Biomedical engineer Ashish Kulkarni, assistant professor of chemical engineering at the University of Massachusetts Amherst, has been awarded a four-year, $792,000 grant from the American Cancer Society to advance his interdisciplinary lab's promising cancer immunotherapy research.
Building on the groundbreaking discoveries from an earlier study involving melanoma and breast cancer in animal models, the new preclinical research focuses on urothelial bladder cancer, which has a high recurrence rate and has seen limited treatment breakthroughs in recent decades.
Current immunotherapy drugs for bladder cancer are effective only for a subset of patients, Kulkarni explains, because of the way the cancer suppresses the immune system. "Despite the standard of care, a lot of patients relapse," he says.
The new immunotherapy strategy being developed addresses that challenge and has the potential to revolutionize bladder cancer treatment, Kulkarni says.
Cancer has a way of turning off the body's immune system response so that macrophage cells that normally would attack the disease are not only rendered powerless but recruited to help the malignant tumor grow. "We want to reverse that," Kulkarni says.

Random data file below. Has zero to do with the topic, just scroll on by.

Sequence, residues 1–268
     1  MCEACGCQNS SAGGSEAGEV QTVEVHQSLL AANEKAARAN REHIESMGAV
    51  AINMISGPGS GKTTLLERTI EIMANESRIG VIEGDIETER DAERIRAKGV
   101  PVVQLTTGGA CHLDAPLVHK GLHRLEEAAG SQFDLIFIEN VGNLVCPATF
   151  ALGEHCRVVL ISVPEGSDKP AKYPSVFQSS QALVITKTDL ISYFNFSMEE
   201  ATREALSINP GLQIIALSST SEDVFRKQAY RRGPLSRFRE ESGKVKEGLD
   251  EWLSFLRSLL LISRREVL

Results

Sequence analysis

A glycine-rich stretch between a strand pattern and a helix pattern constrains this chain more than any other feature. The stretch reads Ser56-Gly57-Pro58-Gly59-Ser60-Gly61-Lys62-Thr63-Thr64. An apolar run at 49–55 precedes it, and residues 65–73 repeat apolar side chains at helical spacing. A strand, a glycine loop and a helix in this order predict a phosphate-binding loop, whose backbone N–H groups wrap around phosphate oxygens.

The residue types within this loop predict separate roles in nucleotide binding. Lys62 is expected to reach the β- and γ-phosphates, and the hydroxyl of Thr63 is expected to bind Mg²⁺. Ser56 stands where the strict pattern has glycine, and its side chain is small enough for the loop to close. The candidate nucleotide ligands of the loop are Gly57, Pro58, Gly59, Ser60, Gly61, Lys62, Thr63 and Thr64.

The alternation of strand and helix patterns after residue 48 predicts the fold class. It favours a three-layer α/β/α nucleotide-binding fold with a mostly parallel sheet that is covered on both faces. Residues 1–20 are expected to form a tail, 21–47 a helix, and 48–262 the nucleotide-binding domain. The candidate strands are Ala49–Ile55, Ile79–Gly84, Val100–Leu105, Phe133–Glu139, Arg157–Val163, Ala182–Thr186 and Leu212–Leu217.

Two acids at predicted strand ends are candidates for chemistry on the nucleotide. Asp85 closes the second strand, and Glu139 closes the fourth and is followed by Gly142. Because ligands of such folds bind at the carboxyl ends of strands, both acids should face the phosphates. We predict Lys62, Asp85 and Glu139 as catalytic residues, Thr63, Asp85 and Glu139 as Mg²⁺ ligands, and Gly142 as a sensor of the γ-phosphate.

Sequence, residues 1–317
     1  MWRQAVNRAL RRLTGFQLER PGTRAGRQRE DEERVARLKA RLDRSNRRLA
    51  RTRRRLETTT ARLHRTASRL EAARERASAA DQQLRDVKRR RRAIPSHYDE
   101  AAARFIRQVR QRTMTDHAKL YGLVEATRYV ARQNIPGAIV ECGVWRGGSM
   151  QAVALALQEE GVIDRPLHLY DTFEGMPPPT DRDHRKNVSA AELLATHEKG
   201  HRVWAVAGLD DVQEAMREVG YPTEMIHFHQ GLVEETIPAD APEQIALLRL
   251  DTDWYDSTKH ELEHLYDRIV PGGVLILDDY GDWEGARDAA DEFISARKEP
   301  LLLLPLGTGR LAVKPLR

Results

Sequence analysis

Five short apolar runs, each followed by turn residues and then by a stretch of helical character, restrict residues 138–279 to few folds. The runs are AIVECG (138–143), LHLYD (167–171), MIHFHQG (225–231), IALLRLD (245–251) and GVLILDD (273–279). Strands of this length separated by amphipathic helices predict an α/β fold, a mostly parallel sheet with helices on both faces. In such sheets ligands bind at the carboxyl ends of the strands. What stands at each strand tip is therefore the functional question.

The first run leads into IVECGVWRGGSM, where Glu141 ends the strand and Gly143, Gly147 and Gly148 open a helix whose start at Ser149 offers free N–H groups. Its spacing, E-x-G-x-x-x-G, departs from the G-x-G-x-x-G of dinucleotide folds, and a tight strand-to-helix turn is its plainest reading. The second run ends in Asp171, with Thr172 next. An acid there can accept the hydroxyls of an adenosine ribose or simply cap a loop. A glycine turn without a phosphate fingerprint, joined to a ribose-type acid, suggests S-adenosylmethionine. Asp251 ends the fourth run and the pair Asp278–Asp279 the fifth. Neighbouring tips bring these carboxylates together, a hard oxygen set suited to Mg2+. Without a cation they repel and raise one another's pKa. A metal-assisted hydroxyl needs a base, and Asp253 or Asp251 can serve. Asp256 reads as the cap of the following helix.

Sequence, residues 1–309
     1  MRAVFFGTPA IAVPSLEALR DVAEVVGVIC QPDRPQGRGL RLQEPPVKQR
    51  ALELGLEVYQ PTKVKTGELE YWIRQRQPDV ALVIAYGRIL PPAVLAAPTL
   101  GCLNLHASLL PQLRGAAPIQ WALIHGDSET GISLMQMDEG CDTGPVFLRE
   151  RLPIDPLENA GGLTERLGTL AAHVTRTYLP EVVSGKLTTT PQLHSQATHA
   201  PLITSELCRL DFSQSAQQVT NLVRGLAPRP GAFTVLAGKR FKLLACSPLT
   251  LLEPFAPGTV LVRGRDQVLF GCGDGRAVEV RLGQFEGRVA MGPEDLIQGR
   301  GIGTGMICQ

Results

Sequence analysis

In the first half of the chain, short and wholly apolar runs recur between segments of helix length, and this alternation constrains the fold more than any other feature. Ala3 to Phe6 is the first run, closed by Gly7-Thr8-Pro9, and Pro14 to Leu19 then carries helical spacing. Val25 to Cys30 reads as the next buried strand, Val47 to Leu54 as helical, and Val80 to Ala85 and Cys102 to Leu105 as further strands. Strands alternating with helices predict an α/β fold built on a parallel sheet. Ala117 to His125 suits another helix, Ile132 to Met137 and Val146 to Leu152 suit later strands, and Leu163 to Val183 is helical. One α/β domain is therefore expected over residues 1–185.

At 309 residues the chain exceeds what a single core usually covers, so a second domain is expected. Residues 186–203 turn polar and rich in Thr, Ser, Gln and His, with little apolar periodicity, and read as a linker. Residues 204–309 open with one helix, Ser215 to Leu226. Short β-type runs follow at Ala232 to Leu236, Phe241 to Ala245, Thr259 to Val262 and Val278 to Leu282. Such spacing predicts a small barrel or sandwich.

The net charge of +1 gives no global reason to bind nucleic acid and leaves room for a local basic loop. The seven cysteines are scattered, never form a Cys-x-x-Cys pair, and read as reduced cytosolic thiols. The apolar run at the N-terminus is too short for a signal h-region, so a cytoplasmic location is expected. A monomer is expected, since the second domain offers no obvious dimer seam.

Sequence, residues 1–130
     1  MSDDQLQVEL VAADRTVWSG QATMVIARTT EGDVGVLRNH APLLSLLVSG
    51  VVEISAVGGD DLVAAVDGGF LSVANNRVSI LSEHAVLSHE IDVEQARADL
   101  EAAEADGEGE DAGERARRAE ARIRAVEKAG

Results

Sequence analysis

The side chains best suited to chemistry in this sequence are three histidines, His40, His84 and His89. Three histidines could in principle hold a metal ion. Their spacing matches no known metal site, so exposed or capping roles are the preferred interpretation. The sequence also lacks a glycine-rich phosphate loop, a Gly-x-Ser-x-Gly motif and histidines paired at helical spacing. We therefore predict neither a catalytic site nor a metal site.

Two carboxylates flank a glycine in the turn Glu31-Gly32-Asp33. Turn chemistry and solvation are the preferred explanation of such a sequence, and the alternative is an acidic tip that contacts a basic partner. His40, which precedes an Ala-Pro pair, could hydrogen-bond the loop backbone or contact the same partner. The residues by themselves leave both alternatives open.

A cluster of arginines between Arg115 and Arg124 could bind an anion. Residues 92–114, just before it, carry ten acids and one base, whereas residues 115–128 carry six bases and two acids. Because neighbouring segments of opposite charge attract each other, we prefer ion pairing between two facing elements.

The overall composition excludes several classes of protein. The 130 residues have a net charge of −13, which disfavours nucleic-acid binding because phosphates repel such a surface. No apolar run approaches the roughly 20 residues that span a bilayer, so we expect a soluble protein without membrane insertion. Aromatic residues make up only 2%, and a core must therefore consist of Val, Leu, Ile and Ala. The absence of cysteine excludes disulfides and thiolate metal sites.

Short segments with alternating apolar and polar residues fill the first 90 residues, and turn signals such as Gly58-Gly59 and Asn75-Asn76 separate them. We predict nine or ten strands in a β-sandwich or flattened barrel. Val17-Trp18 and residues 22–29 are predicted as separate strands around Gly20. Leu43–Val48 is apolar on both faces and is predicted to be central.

His team designs so-called self-assembled supramolecular nanoparticles, which are capable of simultaneously targeting the immune suppressor cells in tumors and reactivating the immune cells capable of eating the tumor. These supramolecules are designed from lipids, some of the body's own building blocks, and have been found to be nontoxic, versatile and efficient in the delivery of drugs and other biomedical materials.
This research brings together the latest advances in cancer immunotherapy with novel biomaterials to engineer a nanotherapeutic platform to activate innate and adaptive immunity. This novel combination therapy increases the impact and could result in a dramatic increase in survival in bladder cancer while minimizing the side effects of the therapy."
Ashish Kulkarni, assistant professor of chemical engineering, University of Massachusetts Amherst
His lab's previous research with breast cancer and melanoma showed that the designer supramolecule was capable of repolarizing macrophage cells to inhibit tumor growth and metastasis, significantly improving survival in breast cancer and melanoma mice models.
The new research seeks to determine the optimal dosage and test the nanotherapy's safety and effectiveness in bladder cancer, again using mouse models. Kulkarni says the next step would be testing the immunotherapy regimen on people with cancer.
"We are hoping to have something that can translate into clinical trials in the future," he says.